Returning to Nike Inc., Albert Perez could use these different Pub-Sub options to send messages to one or more of Nike’s microservices at the same time. By the same token, one of its microservices––such as the data analytics service––could publish its own update or event ticket that would then get distributed to one or more targeted subscribers who would acknowledge receipt of the data.
Subscribers could also access these messages through the Pull process, where they select that particular topic from the Message Storage folder. Once retrieved, the post would be eliminated from Storage.
Google Cloud Pub/Sub Pros
Fully-managed and highly scalable messaging middleware service – The system scales to meet demand. You can send millions of messages at one time with latencies less than 100 milliseconds, which is considered decent.
Provides good support for asynchronous processes – GC Pub/Sub provides an ideal decoupling service, where microservices function separately to the rest of the company enabling for internal control, testing, or management of a single point of failure (for example), while the company continues to function.
A dedicated topic for unprocessed messages (dead-letter topic) – The delivery keeps resending until the recipient acknowledges receipt of the message.
HIPAA-compliant - GC Pub/Sub’s platform security ensures the privacy, security, and integrity of protected health information.
Google Cloud Pub/Sub Cons
Message ordering is not guaranteed. GC Pub/Sub may stall on collecting (or sending) extra-bulky messages that could stall the system.
Multiple transfer services can be complicated, with some messages becoming orphaned or mistakenly unacknowledged.
GC Pub/Sub User-Cases
Companies typically use GC Pub/Sub for the following case-scenarios:
Refreshing distributed caches – For example, an application can publish invalidation events to update the object identifications of those objects that have changed.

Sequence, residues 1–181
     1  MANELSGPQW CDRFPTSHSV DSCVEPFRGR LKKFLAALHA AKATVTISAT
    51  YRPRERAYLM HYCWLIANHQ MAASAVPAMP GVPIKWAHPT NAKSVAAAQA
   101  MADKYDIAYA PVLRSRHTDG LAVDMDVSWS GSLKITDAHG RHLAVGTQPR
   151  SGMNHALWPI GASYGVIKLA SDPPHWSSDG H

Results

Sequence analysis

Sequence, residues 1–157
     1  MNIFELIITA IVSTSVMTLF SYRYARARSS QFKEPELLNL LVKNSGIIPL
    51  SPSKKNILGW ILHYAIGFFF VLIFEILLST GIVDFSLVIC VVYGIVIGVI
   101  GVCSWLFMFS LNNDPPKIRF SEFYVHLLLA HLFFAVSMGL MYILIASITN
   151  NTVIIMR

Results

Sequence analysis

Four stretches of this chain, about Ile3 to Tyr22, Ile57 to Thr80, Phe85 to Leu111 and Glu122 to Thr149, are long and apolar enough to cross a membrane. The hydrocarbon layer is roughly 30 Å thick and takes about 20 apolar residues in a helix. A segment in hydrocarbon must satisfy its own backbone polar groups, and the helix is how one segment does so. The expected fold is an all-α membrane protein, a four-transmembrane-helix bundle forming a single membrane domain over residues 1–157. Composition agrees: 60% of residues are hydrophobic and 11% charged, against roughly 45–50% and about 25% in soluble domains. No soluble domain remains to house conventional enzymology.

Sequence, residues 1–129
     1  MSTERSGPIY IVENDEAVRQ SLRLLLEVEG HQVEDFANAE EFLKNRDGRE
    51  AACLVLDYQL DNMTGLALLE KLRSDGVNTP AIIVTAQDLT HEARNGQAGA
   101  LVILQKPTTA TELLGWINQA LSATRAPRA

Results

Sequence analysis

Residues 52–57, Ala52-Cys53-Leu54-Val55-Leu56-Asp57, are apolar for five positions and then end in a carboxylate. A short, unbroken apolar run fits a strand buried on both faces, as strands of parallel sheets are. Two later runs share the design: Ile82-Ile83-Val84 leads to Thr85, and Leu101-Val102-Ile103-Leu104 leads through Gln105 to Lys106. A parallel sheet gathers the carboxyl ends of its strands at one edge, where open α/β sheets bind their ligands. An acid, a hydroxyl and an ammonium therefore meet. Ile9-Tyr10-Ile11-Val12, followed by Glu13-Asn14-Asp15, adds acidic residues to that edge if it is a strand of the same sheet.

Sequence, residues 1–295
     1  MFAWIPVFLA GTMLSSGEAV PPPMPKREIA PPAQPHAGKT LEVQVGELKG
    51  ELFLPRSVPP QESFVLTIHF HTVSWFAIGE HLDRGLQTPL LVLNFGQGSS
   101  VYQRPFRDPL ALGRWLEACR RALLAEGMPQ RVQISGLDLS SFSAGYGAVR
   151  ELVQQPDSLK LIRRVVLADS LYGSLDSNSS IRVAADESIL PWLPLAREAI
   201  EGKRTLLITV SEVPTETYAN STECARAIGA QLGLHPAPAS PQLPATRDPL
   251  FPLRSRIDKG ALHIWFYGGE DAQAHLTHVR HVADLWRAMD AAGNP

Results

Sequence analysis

Distributing event notifications – GC Pub/Sub allows you to gather events from many clients simultaneously.
Parallel processing and workflows – You can efficiently distribute a large batch of tasks among multiple workers––such as compressing text files, sending email notifications, evaluating AI models, or reformatting images.
Real-time event distribution – Events can be made available to multiple applications across your team and organization for real-time processing.
Replicating data among databases – n order, for instance, to inform all divisions of updates in real-time or to distribute changed events from databases.
Load balancing for reliability – If the service fails in any one area, (for example, if one of your critical employees is missing), the others that have subscribed to this common topic can pick up the load automatically.
Data streaming from the Internet of Things (IoT) devices – For example, a residential sensor can stream data to backend servers hosted in the cloud.
For large companies like Nike Inc. that use microservices for agile, fast-moving, and lean communication, Google Cloud Pub/Sub helps them send millions of messages in real-time to various or more of their microservices with the acknowledgment that these messages have been received. GC Pub/Sub is the only Push/Pull option on the market that’s also flexible and smooth. It’s scalable, secure, and reliable, and provides managers with a great option for effective storage, data analytics, and data streaming.
Want to learn the basics of GC Pub/Sub and perhaps distribute your own messages? This free Google Cloud Pub/Sub Qwik Start Lab lets you do all this and more…
Leah Zitter, PhD, has a Masters in Philosophy, Epistemology and Logic and a PhD in Research Psychology.